“If you give children a vocabulary that’s large enough and complex enough to express their emotions and their ideas, you give them access to complex feelings and emotions in themselves. So that if you talk to a teenager and all they can say about how they feel is BAD, and they haven’t got, you know, a larger vocabulary for lonely, abused, insecure, frightened…I mean there’s this huge panoply which…I remember when my daughter was just telling me that she just felt bad, I bought her a thesaurus. I said, “Look up, is it sort of over lonely, or is it insecure…and look up under lonely, you’ll find two hundred words for lonely. Which one?” But what that does is that it makes you feel that there’s this huge complexity of emotions and there are words for all of them. If you want children to feel less frustrated and less disenfranchised and less unable to even feel comfortable with their own emotions, you’ll have to give them a vocabulary that’s as complicated as their inner lives. And one of the things we see in children is this incredibly reduced capacity for reporting their inner lives to the exterior world. One of the things is just teaching them poems, just teaching them to memorize poems in school, they don’t have to interpret them, if they just internalize the language of the poem, the complexity of the emotion in the poems…”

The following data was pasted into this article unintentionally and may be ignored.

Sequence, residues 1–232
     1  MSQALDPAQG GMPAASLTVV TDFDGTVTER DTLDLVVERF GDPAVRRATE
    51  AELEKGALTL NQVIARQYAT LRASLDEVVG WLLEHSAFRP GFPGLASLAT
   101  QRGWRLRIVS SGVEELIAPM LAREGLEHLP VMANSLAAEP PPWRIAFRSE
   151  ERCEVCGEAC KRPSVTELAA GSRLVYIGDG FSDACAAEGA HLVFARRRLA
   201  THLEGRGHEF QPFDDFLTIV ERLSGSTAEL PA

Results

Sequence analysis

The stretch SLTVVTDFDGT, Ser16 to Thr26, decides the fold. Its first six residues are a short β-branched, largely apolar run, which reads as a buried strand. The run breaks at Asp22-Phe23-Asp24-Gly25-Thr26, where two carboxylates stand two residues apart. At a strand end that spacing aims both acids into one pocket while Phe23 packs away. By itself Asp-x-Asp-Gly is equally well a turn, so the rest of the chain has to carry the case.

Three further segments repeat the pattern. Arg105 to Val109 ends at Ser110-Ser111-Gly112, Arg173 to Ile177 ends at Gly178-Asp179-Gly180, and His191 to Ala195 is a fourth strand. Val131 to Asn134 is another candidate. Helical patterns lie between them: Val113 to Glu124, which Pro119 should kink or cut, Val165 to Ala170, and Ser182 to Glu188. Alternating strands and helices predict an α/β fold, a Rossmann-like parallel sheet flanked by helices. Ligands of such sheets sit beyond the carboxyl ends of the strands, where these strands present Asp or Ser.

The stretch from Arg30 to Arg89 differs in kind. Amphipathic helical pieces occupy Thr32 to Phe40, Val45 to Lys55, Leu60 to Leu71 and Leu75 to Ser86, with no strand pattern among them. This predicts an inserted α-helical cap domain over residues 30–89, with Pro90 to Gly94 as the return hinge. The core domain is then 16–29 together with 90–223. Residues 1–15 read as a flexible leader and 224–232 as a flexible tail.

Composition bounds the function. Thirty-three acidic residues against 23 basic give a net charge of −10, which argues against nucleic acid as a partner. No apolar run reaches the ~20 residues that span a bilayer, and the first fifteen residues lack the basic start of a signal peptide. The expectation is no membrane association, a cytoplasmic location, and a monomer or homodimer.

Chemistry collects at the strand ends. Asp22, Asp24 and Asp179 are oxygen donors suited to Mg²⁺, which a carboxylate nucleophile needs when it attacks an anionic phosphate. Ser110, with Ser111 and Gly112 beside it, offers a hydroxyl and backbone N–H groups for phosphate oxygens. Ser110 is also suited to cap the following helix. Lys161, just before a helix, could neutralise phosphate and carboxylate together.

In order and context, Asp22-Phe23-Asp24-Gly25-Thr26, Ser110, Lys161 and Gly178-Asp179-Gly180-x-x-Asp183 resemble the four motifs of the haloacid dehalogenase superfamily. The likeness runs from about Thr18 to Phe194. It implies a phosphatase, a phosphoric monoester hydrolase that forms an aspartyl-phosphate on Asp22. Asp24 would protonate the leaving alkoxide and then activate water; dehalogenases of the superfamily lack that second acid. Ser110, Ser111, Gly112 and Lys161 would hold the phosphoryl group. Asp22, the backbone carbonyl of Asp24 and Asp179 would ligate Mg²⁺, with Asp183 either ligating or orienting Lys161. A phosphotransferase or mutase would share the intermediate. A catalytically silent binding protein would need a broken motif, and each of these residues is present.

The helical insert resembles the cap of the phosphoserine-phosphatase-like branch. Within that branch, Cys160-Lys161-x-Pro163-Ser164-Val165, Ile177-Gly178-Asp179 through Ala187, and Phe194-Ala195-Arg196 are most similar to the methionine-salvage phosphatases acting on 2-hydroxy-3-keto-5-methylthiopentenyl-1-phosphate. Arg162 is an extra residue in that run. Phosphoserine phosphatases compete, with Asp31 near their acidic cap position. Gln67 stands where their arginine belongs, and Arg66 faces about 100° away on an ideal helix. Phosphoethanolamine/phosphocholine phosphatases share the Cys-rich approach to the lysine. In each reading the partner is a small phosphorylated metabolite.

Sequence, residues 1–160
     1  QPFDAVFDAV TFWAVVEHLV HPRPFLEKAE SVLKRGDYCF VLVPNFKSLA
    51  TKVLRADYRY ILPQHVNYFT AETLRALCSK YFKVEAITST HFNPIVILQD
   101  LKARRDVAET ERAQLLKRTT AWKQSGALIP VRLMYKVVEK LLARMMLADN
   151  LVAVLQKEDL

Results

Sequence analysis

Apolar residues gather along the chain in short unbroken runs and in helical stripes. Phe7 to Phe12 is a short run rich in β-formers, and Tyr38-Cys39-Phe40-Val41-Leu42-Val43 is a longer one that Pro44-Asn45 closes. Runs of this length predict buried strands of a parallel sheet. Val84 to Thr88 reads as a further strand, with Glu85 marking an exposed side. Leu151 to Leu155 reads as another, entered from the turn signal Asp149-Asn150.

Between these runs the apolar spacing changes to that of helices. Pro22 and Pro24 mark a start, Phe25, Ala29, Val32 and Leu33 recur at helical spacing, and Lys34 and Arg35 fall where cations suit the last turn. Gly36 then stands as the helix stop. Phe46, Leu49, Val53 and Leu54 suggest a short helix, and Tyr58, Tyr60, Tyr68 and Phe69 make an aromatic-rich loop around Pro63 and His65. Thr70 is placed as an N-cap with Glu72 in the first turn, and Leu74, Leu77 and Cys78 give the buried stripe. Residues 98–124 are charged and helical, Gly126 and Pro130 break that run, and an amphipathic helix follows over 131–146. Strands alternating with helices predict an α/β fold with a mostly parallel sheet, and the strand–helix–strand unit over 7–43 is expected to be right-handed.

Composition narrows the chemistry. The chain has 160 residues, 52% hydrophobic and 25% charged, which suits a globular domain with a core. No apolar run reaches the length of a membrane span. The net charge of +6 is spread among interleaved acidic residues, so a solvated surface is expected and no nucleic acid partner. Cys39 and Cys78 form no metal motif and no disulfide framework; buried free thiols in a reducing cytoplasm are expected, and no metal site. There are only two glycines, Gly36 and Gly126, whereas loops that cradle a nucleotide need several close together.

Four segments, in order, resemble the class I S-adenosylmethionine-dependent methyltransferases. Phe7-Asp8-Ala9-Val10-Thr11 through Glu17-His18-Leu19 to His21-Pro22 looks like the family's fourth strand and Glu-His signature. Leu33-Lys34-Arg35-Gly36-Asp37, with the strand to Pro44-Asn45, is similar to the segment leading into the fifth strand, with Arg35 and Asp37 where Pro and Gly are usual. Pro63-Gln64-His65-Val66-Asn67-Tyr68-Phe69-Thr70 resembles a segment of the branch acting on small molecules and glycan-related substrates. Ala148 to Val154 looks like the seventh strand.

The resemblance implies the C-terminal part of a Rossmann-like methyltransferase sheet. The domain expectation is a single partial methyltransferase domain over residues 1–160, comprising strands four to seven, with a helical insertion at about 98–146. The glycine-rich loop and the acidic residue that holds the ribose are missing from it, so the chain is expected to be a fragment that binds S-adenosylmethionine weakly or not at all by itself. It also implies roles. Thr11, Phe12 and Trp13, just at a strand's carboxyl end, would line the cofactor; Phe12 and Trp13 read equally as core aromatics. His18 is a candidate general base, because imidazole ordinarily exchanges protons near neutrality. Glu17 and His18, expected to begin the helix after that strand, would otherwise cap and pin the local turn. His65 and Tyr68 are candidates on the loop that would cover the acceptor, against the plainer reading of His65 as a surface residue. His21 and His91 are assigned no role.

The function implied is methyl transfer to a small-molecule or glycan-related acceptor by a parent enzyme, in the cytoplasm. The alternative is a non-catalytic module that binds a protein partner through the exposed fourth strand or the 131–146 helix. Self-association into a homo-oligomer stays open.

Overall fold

-Jorie Graham, in a conversation